During that period, our rulers tinkered constantly with the school system. Under pretence of freeing schools from the supposed shackles of local authorities they delivered schools to a centralized tyranny of arbitrary tests and targets, with illusory successes delivered by devalued exams and marking. Under pretence of increasing parental power, they reduced it. They forced more parents into desperate measures, even outright lying, to find a good school for their children. They made more and more demands on parents for money and support and tried to make them feel guilty for not providing it. They filled our schools with stressed children and teachers. Our rulers gave us a generation of schoolchildren equipped to tick boxes and less and less equipped to learn anything new, to speculate, to invent, to empathize, to communicate.
Our rulers fiddled constantly with all public services and with local government. Regardless of party label our rulers shared a misplaced faith in management science and a rooted belief that the public sector was always inferior to the private. As a result, one service after another has been battered by fatuous initiatives, stuffed with placeholders with meaningless titles babbling managerial gobbledygook, or carved up into pseudo-markets to give businesses an opportunity for monopoly profits at taxpayers’ expense. During that period, our rulers signed thousands of PFI or PPP deals in public services which were no better than expensive moneylaundering – making public finances look temporarily healthier and in reality giving them a long-lasting burden.
During that period, our rulers failed to manage or control immigration. Although our country has become dependent on immigrant labour our rulers have failed to make the British people appreciate its benefits and look down on them when they point out its downside.
During that period, our rulers created cities whose essential workers cannot afford to live in them, cities full of ugly buildings and drably uniform centres and angry frightened neighbourhoods where people do not know their neighbours. Our rulers failed to create any effective control on the consumption of any drug, legal or illegal.
Internationally our rulers still gave themselves the trappings of Britain as a great power, but in the last 25 years there is no country in the world where it has become safer for Britons to visit or work or settle – including their own. They have constantly proclaimed success in negotiations with the EU – most recently in David Cameron’s meaningless concessions – while presiding over a one-way transfer of powers from our country to Brussels. At best, they have turned Britain into the Private Godfrey of the EU – asking permission to be excused when something awful like the euro is about to happen. They prattle about reforming the EU but they have not reformed the fundamentals of the EU and they never will. Private Godfrey is not going to lead the platoon.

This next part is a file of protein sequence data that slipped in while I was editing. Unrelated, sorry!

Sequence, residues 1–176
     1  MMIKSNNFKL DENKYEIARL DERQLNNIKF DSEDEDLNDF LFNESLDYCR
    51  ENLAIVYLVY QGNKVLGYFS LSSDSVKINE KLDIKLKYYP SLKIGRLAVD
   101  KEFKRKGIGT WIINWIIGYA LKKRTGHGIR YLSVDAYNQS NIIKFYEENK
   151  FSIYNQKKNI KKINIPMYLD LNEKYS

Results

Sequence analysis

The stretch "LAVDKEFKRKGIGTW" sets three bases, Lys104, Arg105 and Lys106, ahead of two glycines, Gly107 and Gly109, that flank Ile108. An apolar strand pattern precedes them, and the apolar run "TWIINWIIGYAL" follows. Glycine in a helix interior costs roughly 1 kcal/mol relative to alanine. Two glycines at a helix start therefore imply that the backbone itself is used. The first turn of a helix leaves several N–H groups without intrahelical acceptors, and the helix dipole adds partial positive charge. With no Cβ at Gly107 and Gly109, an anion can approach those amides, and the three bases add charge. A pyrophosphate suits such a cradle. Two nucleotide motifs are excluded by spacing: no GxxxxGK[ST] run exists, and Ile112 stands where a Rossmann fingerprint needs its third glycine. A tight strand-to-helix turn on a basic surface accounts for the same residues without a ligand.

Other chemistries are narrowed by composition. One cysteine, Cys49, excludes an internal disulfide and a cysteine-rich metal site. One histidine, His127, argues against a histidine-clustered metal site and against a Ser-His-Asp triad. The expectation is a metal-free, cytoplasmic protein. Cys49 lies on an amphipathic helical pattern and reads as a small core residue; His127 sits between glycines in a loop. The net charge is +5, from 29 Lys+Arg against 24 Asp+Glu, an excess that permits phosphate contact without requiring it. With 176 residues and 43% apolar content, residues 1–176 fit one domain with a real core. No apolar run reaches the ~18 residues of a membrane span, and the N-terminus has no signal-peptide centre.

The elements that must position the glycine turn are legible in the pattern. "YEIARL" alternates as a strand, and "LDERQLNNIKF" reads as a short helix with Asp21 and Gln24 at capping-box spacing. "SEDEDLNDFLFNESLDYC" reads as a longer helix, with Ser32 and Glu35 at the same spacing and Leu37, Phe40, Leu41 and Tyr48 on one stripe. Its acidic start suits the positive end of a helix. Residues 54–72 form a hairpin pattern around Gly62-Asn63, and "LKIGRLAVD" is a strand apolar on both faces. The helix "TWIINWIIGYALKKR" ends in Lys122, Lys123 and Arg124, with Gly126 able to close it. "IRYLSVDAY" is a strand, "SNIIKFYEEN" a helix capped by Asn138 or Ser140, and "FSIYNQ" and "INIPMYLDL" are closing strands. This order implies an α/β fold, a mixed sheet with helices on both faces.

In spite of their dismal record on issue after issue, our ruling establishment over the last 25 years have become unshakeable in asserting their right to govern. They do not care very much for democracy and resent debate or criticism. Guided especially by Peter Mandelson, they have awarded themselves the right to lie or cover things up whenever they choose. They feed propaganda to their stooges in the media and know that it will be presented as fact.
They give each other jobs regardless of qualifications or success. The business leaders among our rulers demand world-class remuneration although few of them have created any world-class business. The politicians and administrators among them glide effortlessly after leaving office into lucrative roles with the special interests they were meant to regulate. They have turned public service into a waiting room for the gravy train. While still in power, they pass out public offices to supporters and sympathizers. The EU for them is a convenient extra source of patronage and a parking place for politicians in temporary eclipse.
The ruling establishment constantly insisted that their policies represent a “centre ground” which no reasonable or informed person could reject. In doing so, they minimized the differences between all the mainstream parties. English politics (the ruling establishment actually lost control of Scotland) became a set of dogs fighting for the same lamp post. For a short time it seemed that Jeremy Corbyn would offer a real alternative. But on the EU, this resolution collapsed. He followed the Blairite pack in his party and raised his leg obediently when it was his turn.
Voting Remain entails a vote of confidence in this ruling elite and their record. It means accepting that the next 25 years will be pretty much the same as the last.
Voting Leave means rejecting them and seeking something different. It means taking a chance. There is no guarantee at all of a better future after we leave. Securing it will require a mighty effort, which may be beyond our new rulers. But the British people might just decide that a 10 per cent chance of something new might be better than a 100 per cent chance of more of the same.